HONG KONG • China has warned foreign countries not to "interfere" over Hong Kong's decision to effectively blacklist a senior Financial Times (FT) journalist, after Britain and other governments expressed alarm over eroding freedoms in the former British colony.
Mr Victor Mallet, the FT's Asia news editor and a British national, earned the ire of the authorities for hosting a speech in August by Mr Andy Chan, the leader of a tiny pro-independence political party.
The FT last Friday said immigration authorities in Hong Kong had declined to renew Mr Mallet's visa, prompting Britain to request an "urgent explanation" for a decision described as unprecedented by rights groups and media organisations.
"The central government firmly supports the SAR (Hong Kong) government in handling the related matters in accordance with law," a spokesman for China's Foreign Ministry in Hong Kong said last Saturday. "No foreign country has any right to interfere."
In a strident speech at the city's Foreign Correspondents' Club (FCC), where Mr Mallet serves as vice-president, Mr Chan attacked China as an empire trying to "annex" and "destroy" Hong Kong.
China's Foreign Ministry had asked the club to pull the talk, but the FCC refused, arguing that all sides of a debate should be heard.
Rival protesters picketed the lunchtime event and the city's former leader Leung Chun-ying called for the club to be evicted from its government-owned premises.
"We have asked the Hong Kong government for an urgent explanation," Britain's Foreign and Commonwealth Office said in a statement addressing the visa denial.
"Hong Kong's high degree of autonomy and its press freedoms are central to its way of life, and must be fully respected."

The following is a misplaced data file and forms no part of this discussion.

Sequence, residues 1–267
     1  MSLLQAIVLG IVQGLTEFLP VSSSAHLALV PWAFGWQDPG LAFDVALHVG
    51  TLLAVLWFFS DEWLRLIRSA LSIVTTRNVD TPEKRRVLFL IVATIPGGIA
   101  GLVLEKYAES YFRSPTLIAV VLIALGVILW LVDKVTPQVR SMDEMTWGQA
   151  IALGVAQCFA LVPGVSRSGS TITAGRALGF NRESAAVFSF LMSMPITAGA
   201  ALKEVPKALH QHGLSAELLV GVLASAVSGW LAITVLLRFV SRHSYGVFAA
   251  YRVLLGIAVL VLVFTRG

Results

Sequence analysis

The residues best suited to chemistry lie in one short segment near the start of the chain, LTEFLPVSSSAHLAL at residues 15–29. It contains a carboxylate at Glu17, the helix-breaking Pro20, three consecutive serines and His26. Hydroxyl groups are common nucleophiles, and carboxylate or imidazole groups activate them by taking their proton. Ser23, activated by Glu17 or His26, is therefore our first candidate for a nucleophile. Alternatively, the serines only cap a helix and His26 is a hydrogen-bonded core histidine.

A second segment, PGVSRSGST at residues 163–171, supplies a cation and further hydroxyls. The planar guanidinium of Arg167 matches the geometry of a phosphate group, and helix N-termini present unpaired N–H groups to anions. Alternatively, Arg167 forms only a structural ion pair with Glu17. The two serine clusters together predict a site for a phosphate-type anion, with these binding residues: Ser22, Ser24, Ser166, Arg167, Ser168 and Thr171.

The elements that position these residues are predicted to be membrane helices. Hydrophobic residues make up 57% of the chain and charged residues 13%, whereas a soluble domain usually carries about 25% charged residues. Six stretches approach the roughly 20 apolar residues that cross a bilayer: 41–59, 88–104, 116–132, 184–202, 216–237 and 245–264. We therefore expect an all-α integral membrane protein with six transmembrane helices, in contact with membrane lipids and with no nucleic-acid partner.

Hong Kong enjoys rights unseen on the mainland, including freedom of expression, which are protected in the city's Basic Law and the handover agreement between China and Britain. But the space for dissent is perceived to be shrinking as Beijing flexes its muscles.
The Hong Kong authorities last month banned Mr Chan's Hong Kong National Party, calling it a threat to national security. It was the first ban on a political party since the territory reverted to Chinese control in 1997.
The US consulate said Mr Mallet's visa denial was "especially disturbing". "It mirrors problems faced by international journalists in the mainland and appears inconsistent with the principles enshrined in the Basic Law," US consulate-general spokesman Harvey Sernovitz told Agence France-Presse (AFP).
Hong Kong's last British governor Chris Patten said the move was a "serious blow against free speech" and defied the promise of a high degree of autonomy made to the city when it was handed back to China by Britain in 1997.
"The Hong Kong and Beijing authorities should think again and fast," Mr Patten told AFP.
A handful of demonstrators rallied outside Hong Kong's immigration department last Saturday morning to protest against the decision.
"No political red line. We support free press," protesters chanted as they shredded a strip of red fabric to create a long ribbon.
The slogan was in response to comments by Mr Leung - whose administration faced down major youth-led democracy protests in 2014 - that discussion of Hong Kong independence "is an absolute and clear red line".
The decision to deny Mr Mallet a new visa was welcomed by pro-Beijing media in the city, however.
A commentary in the Ta Kung Pao newspaper said the veteran journalist had to "pay the price" for giving exposure to Hong Kong's fringe independence movement, and said the authorities may still act to evict the FCC from the premises it has been occupying since 1982.